A northern Italian mayor has threatened to punish hairdressers who double-shampoo during drought.
Hairdressers in the northern Italian town of Castenaso face fines of up to €500 ($527) if they shampoo a customers’ hair twice during an intense drought in the region under new regulations. Mayor Carlo Gubellini told local media outlets he announced the restrictions on Saturday to give hairdressers time to “You can adapt,” as they are closed Sunday and Monday.
At least 13 liters of water a minute flows from an open tap, and at least 20 liters are required to rinse a person’s hair twice, according to a “Handbook” distributed to mark the new rule. The rules are not yet enforced.
According to the mayor, the regulation will remain in force until September. “Positive feedback was received,” he told Corriere della Sera, insisting the rule “It is not an oppressive goal, it’s empowering citizens..” Meanwhile, he said, the water shortage in the region was “This is really shocking.”
“Emilia-Romagna is able to provide enough water for its farmland up until June 29, but could be severely affected from July.,” he continued, referring to the region in which the town is located. Emilia-Romagna declared drought emergency in June.
“There are about ten hairdressers who serve hundreds of customers per day. This means that every day we save thousands of liters.,” he told Italian state TV. “The potential for huge savings could be realized if these are replicated at large.”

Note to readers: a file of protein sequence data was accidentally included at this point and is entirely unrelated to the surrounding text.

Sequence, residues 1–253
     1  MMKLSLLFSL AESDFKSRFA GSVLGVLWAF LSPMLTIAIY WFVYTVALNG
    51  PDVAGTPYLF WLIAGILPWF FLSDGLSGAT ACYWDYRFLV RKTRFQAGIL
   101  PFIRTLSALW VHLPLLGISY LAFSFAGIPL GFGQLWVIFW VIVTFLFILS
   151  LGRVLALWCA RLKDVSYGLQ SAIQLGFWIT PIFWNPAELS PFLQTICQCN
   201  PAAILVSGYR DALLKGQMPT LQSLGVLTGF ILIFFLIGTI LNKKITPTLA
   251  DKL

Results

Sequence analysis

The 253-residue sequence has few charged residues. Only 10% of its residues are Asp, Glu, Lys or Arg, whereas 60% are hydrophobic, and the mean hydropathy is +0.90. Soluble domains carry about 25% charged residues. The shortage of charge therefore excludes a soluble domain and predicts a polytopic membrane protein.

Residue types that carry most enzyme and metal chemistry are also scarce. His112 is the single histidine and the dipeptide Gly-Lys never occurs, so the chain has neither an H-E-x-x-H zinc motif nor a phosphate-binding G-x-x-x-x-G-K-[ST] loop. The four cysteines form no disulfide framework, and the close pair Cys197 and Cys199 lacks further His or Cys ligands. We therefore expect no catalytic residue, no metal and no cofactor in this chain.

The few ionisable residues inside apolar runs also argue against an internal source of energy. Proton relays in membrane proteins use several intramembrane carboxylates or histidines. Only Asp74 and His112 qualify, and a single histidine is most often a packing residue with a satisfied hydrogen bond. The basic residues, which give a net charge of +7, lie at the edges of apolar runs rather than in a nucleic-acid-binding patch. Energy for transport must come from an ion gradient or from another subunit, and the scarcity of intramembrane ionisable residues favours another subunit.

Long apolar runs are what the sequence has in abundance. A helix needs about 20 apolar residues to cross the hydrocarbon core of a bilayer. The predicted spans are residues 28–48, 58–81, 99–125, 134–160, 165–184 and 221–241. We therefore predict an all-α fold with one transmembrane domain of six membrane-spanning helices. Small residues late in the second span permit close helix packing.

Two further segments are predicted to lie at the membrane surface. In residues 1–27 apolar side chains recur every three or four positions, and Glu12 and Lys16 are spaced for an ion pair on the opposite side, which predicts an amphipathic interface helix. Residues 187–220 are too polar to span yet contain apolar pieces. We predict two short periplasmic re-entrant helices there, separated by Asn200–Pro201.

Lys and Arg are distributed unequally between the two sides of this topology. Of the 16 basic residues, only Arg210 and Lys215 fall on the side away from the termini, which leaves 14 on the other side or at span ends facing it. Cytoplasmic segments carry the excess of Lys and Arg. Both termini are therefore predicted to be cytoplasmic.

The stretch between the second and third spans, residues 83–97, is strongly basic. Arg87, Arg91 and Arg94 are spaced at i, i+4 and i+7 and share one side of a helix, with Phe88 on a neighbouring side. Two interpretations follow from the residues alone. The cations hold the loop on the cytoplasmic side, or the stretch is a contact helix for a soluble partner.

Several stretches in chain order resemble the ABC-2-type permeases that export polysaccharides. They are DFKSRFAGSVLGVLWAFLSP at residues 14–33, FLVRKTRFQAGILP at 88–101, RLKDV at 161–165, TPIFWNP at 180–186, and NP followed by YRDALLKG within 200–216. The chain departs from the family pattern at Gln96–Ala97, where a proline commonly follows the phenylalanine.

However, not all hairdressers are onboard with the new rule, with some complaining that certain products – and certain dirty-haired customers – require multiple washes.
It has been suggested that residents shower instead of taking a bath, use the faucet to brush teeth and shave, and not use garden hoses in the middle of the day.
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Other towns and cities in Italy have also imposed cutbacks on water usage, due to a prolonged drought from less-than-usual rain and snowfall feeding into the Po River, Italy’s longest waterway, which is reportedly 80% lower than normal. Castenaso, however, is the sole place that dictates what hairdressers are allowed to do in their salons.
Lombardy, the northern region, has declared an emergency. Milan shut down half its fountains. Residents were urged not to use air conditioners as a result of power cuts last week. Italy’s civil protection department chief Fabrizio Curcio has predicted further states of emergency could be imposed elsewhere in the country, along with daytime water rationing, while nighttime water restrictions are already in place in some parts of the north. The drought is believed to be costing Italian agriculture upwards of €3 billion ($3.16 billion).
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